This skills centre is a new venture. Only a year old, it is a collaborative venture between the city, the city-run vocational service and the state owned labour office. This one-stop-shop approach means that “we can be more effective, so that people don’t have to go from one office to the other, they get all the services in the same place,” Nyrhinen explains.

Got skills?

When people from outside the EU arrive, they may not be in possession of their diplomas and certificates. If they are, the equivalence of these qualifications with similar European ones may not always be clear.

The vocational institute tries to find out where people stand in terms of education, from basic tests in language and mathematics, to skills mapping based on people’s stated interest. Once the skill level is established, training is given to align the individual’s existing skills with the requirements of the local and national context.

Nyrhinen is proud of this process: “If somebody says, ‘I have been repairing cars in Iran,’ we ask a mechanic if he or she could test this person, and get to know if there are skills still needed. If somebody comes saying, I have been building houses in Morocco, we have to see what skills are still needed. If there are differences between houses in Morocco and Finland, you need to get that somewhere, plus the language training. Then you can go and start as a trainee in a workplace, if we can find one.”

This is largely for vocational labour. “We’re talking about vocations that don’t need so many licences. If you are talking about nurses, doctors, engineers, where you have to prove your knowledge, not just in practice but also in theory, it is much more difficult. If you have the certificates from another country then we can send them to the ministry of education to get it acknowledged.”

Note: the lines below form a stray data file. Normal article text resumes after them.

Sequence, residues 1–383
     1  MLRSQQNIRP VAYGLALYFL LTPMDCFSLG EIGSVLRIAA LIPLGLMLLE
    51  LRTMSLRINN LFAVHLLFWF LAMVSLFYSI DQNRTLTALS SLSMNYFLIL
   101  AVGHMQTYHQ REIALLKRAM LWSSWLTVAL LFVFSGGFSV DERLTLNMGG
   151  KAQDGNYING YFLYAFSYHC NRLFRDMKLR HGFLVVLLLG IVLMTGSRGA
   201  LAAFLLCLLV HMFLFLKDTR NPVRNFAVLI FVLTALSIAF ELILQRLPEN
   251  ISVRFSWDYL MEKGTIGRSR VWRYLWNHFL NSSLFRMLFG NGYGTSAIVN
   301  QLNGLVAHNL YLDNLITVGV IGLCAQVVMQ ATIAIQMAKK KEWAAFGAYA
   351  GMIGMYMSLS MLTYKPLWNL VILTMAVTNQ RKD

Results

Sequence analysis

However, there are some exceptions, “we have had cases where we have had doctors from Afghanistan, they have had a training in Finland and also some tests, and got the acknowledgement that they can be doctors in Finland, but that’s a long path because you need the language skills, not just the professional skills.”

A lot of potential

When it comes to refugees, Nyrhinen says, people often fail to perceive the degree of skills and potential that new arrivals can be in possession of. “There is a lot of potential in that group. We’re not just talking about basic skills. You can have headmasters and teachers fleeing from their country who can be very fast learners and even help others who have been fleeing from the same county.”

Nyrhinen wishes that all Tampere’s other employers could have the same experience that she is enjoying in her department. “We have an employee from Namibia who started off here as a trainee and is now a coordinator. At the same time he is getting a second university degree in Sweden. There’s also a lady from Nepal who arrived only four years ago and already speaks Finnish fluently, as well as Nepalese, Hindi and English.” Being surrounded by such talent and enthusiasm is inspiring for her and her team.

The city is now getting started with another EU funded international Eurocities migration project, ‘CONNECTION’, in which it will pair up with Antwerp, Sofia and Madrid to explore migrant integration best practices. “What you always get from international cooperation,” says Nyrhinen, “is new ideas for your own work, even if you are acting as a role model.”

She sees cities and city cooperation as central for European integration. “There has always been discussion between the local and the national level. As we say at Eurocities ‘integration is always happening at the local level’ but we also have to have a say in what is happing at a national level and even an EU level. The local level is the expert in integration, and the experts need to be heard if there is going to be effective policy.”

However, despite the impressive position of Tampere on the international stage, Nyrhinen remains reticent about receiving praise. “It’s always an individual’s own responsibility, it’s not the city that has been successful here, ultimately it is up to the person themselves.” 

Anthony Colclough Eurocities Writer